If it were just down to the Tories then he probably would.
"A fucking awful result" was how Tory Shadow Defence Secretary Nicholas Soames described his party’s result in the Hartlepool by-election.
The Tories were elbowed into a humiliating fourth place by the UK Independence Party (UKIP) - their worst by-election result since 1918. Then a Populus poll revealed what most people would have thought impossible - Michael Howard is even less popular than Iain Duncan Smith was when he was Tory leader!
So the Tories started their annual conference in Bournemouth in a pretty dismal mood. On the right, UKIP is threatening to "kill" them off, while the Liberal Democrats are picking up anti-Labour votes in urban areas.
The Financial Times was not far off the mark when it wrote that only an "insane optimist" would predict a Tory win at the next election. But at around 30% in the polls, they are not yet "dying" as UKIP MEP Kilroy-Silk said at his party’s conference last week.
Howard is coming under pressure from one wing of the party to shift rightwards to challenge UKIP on an anti-Europe, anti-immigration platform and shore up the Tories’ ’core’ vote. But the Tory ’modernisers’ know this would be electoral suicide. They want to win over disillusioned Labour voters by concentrating on public services. The problem they have is that the ’centre-right’ is becoming a very crowded place, with all three main parties supporting the same privatising agenda.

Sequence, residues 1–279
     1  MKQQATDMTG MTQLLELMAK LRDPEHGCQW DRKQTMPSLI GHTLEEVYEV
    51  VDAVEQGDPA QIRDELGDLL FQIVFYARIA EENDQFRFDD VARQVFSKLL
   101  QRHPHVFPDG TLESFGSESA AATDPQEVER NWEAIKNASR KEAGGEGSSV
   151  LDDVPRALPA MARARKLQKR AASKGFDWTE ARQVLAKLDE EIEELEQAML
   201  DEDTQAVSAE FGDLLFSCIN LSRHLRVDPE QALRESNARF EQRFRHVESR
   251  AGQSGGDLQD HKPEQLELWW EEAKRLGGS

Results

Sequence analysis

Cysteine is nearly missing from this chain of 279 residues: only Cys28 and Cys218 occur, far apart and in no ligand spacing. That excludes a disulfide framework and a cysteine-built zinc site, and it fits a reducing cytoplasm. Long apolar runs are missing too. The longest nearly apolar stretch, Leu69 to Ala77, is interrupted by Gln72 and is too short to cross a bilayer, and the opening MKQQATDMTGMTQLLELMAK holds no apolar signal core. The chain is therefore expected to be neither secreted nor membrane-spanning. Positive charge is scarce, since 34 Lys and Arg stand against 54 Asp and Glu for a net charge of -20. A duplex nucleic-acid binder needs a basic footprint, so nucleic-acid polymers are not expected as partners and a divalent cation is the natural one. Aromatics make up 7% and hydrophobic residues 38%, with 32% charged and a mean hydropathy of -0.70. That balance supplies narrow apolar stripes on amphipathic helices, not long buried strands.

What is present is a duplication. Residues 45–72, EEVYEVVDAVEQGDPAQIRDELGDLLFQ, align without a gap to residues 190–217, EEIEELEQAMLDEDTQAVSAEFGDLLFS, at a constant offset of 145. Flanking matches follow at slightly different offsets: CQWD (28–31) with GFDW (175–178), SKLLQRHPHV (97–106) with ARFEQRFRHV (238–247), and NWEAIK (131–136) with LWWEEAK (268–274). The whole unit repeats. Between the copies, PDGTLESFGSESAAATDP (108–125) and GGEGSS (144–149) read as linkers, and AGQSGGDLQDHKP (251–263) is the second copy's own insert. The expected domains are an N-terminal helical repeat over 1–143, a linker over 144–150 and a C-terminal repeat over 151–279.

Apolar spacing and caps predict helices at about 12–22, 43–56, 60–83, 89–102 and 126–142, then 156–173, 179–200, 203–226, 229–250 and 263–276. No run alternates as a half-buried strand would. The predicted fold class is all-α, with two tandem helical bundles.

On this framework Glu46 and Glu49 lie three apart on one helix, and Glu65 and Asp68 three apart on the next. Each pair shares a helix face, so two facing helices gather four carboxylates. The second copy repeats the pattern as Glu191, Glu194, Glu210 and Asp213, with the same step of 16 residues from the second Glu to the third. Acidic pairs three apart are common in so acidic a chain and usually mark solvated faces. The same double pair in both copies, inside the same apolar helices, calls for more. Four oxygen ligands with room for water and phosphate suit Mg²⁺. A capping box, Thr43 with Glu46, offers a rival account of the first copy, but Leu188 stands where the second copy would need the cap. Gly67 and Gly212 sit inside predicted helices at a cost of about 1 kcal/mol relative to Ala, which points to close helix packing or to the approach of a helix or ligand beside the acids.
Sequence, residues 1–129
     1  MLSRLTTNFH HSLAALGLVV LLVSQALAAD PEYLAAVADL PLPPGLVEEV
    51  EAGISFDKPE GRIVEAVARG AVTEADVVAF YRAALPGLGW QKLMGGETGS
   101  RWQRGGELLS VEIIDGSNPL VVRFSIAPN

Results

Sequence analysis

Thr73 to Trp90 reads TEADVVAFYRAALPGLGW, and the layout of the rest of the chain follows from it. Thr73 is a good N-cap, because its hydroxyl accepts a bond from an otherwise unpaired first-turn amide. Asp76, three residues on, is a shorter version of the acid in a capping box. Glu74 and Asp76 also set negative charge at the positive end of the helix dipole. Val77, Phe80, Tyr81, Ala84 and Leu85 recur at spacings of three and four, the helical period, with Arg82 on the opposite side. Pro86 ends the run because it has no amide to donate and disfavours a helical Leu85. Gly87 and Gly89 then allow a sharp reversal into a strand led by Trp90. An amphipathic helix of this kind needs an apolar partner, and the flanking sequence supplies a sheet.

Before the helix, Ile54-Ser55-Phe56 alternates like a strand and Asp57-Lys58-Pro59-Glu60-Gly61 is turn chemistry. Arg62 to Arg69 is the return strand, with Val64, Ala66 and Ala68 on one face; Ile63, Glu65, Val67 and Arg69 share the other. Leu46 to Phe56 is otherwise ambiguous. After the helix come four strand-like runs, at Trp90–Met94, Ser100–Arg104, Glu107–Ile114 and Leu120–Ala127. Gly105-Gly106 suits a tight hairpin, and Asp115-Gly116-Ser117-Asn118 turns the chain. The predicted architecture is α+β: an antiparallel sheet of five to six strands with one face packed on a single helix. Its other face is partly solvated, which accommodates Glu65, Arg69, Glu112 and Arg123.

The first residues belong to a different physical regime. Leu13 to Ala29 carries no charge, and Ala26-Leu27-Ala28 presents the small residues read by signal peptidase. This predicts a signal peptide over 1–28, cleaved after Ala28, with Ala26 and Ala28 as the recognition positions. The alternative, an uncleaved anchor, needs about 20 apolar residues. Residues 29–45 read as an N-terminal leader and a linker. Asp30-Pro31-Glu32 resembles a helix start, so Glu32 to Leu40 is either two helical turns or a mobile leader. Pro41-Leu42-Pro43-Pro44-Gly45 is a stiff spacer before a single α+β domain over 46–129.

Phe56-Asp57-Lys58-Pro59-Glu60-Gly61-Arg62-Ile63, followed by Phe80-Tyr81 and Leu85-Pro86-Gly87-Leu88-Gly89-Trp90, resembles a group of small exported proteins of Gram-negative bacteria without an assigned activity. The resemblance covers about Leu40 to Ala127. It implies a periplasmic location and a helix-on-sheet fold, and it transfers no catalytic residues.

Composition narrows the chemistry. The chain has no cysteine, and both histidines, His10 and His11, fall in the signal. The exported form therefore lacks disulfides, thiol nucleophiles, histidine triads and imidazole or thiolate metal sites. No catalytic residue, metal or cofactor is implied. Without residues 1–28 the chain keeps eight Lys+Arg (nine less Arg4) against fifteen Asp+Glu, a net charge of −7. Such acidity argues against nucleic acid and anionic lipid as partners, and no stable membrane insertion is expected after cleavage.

The Liberal Democrats cannot win a general election but they can inflict damage on both the Tories and New Labour. Many Tories feel that the battle to win the next election is already lost and that the main task now is to defend their position as the second party of big business against the challenge from the Liberal Democrats.
However, even with such an ineffectual opposition, Blair could find himself in his £3.6 million retirement home sooner than he thinks.
The volatility of politics, with all mainstream capitalist parties deeply unpopular, means nothing can be absolutely certain, but a Labour win at the next election is the most likely outcome. Nevertheless, with millions of voters deserting New Labour, and most people thinking Blair out of touch and untrustworthy - New Labour could win with a drastically reduced majority, perhaps even a hung parliament.
As long as troops remain in Iraq, the war and occupation will continue to haunt Blair. An escalation of violence, in what has become an unwinnable war, could force Blair’s resignation - even before the next election.
If he survives until then he could face humiliating defeat in a referendum on the European Union Constitution. And a downturn in the US and world economy would be extremely damaging, nailing the myth that the British economy is different and can somehow insulate itself from world events.
Even before a downturn, Blair and Brown are stepping up their attacks on the public sector with civil servants preparing to strike against the massacre of over 100,000 jobs. The leaders of the ’Big Four’ unions, TGWU, GMB, UNISON and Amicus have been bribed by Blair and Brown’s vague promises of more ’worker friendly’ policies to keep their members in check in the run-up to an election. But discontent could still erupt this side of an election.
A third term New Labour government, under Blair or anyone else, would stick the boot even harder into the public sector, provoking mass unrest. This would shatter any remaining illusions that Labour could be reclaimed as a workers’ party, clearing the way for the building of a new party that could provide real opposition to New Labour.
Editorial from The Socialist, paper of the Socialist Party, cwi in England and Wales